TMCG: Taking the Bus

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S3EP8-16Feb2009-Wheels on the Bus/Seed Trouble

 

Why does the Man in the Yellow Hat (MYH) ride the bus?

He has a car–I’ve seen it. He drives out to his country house in it.

He has a country house. He owns a bright yellow apartment building. Why does he not have a limousine on retainer, complete with an angry but deferential driver who bows and scrapes dutifully, but dreams of squandering his dead father’s life insurance on a liquor store scam?

Perhaps he wishes to save the environment. Perhaps he likes to pretend to give a shit about the hoi polloi, to rub elbows with the less fortunate and share with them the savage joy of a monkey who ruins lives with the kind of reckless abandon normally reserved for Ponzi-schemers and East African dictators.

Perhaps.

But today, MYH was late for a very important presentation. He had scribbled some drawings, childish representations of pigs and horses and smiling snakes, of which he was proud and about which Curious George was…curious. Professor Wiseman wanted a distinguished colleague–from Paris–to see these drawings, and so she sent word to MYH to meet them at a swanky restaurant.

MYH had ten minutes–the length of an episode–to make it to this restaurant and show off his art.

This bitch decides to take the dadgum bus. Even better, he gives the route map to Curious George and trusts him to plot their journey.

MYH makes it onto the bus. Curious George does not. At the last second, he drops the map and it blows away, so he goes scampering after it.

Nine minutes until presentation. MYH does not stay on the bus. He does not ask the driver for route information. He panics and gets off, shouting for George.

He leaves his bullshit drawings on the bus and it drives away. Seven minutes.

Curious George catches up with the map. Some kid on a bicycle, who is inexplicably fine with a monkey clutching his head and screaming in his ear, takes him on a quest to find the bus, on which MYH most certainly is not.

It is at this point I meet the most put-upon and pathetic creature in George’s universe, a man who did not expect his day to go this way, a man who is simply trying to make a living, a man who managed to live his entire life without tangling himself up with MYH. He is a taxi driver. Brown, because all taxi drivers are brown, but blessed with the kind of Brooklyn accent that dwells upon phrases like “Hey buddy” and “Listen, Mac” as if they were part of a rosary.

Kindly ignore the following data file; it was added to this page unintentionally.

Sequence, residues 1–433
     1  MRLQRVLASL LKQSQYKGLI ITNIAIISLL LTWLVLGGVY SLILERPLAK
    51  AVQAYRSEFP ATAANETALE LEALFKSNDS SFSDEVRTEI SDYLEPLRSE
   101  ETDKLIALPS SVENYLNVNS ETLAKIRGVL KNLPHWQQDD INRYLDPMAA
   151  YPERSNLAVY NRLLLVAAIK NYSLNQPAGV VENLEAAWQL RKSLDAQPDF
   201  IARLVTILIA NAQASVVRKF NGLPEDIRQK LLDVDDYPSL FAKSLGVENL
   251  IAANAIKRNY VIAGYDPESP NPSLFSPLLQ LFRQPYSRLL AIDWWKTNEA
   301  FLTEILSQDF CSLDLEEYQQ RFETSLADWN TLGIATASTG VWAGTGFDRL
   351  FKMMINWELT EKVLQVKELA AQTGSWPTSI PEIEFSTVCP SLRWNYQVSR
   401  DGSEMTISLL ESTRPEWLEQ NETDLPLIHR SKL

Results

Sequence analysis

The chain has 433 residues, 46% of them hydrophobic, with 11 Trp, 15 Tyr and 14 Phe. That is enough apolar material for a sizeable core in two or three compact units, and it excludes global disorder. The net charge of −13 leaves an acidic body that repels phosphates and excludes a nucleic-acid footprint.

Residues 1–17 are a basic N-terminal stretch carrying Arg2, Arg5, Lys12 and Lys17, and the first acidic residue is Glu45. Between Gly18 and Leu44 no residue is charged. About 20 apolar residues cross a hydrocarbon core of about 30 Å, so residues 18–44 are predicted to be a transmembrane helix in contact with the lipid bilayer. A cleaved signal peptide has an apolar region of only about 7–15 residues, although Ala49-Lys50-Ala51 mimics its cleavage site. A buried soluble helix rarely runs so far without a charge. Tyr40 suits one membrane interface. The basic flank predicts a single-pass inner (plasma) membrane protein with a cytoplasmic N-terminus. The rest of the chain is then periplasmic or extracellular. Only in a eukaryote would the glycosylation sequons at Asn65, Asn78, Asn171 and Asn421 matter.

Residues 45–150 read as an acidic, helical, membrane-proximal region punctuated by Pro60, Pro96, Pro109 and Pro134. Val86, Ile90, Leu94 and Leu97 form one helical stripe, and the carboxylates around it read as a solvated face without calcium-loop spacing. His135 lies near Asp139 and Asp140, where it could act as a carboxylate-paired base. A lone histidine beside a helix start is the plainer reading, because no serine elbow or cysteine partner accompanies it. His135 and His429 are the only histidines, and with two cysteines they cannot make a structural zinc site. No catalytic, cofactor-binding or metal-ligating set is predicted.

MYH gets in his cab. He demands that the taxi driver follow that bus, find a monkey on a bicycle, find his pictures, and get him to a specific downtown restaurant.

Wat. Hey buddy, five minutes.

Taxi driver is confused. “Where to, Mac?” did not produce the desired answer. Instead, taxi driver now has to listen to a diatribe about monkeys and bicycles from a guy that looks like a pencil.

He asks what we are all thinking, “Hey buddy, you want me to follow a bus? Why didn’t you just ride the bus?”

MYH does not wish to give a coherent answer. Three minutes.

Cutscene to Professor Wiseman, sitting with distinguished guy from France in the restaurant. She remarks that MYH has NEVER been THIS LATE for ANYTHING before.

I now believe Professor Wiseman is not at the restaurant. Such an asinine claim could have only been made by a replicant of Professor Wiseman that was built that very morning and did not know what monkeys were.

One minute.

George finds the pictures. He gleefully brachiates through Central Park with the pictures clutched in his feet. He knows he will beat MYH to the restaurant, and he has a few minutes to kill, so he briefly drops down from the trees into a buggy pulled by two horses. The horses freak out and stampede away through the park. The man in charge of the buggy watches his livelihood thunder away, and no doubt wonders how long he will be in prison when the horses accidentally trample somebody.

George returns to the trees, unbeaten and unkilled. Zero minutes, time is up.

Guy from France says he cannot wait any longer, because he has a plane to catch. He leaves. He runs into Curious George outside on the sidewalk. Curious George shows him the pictures.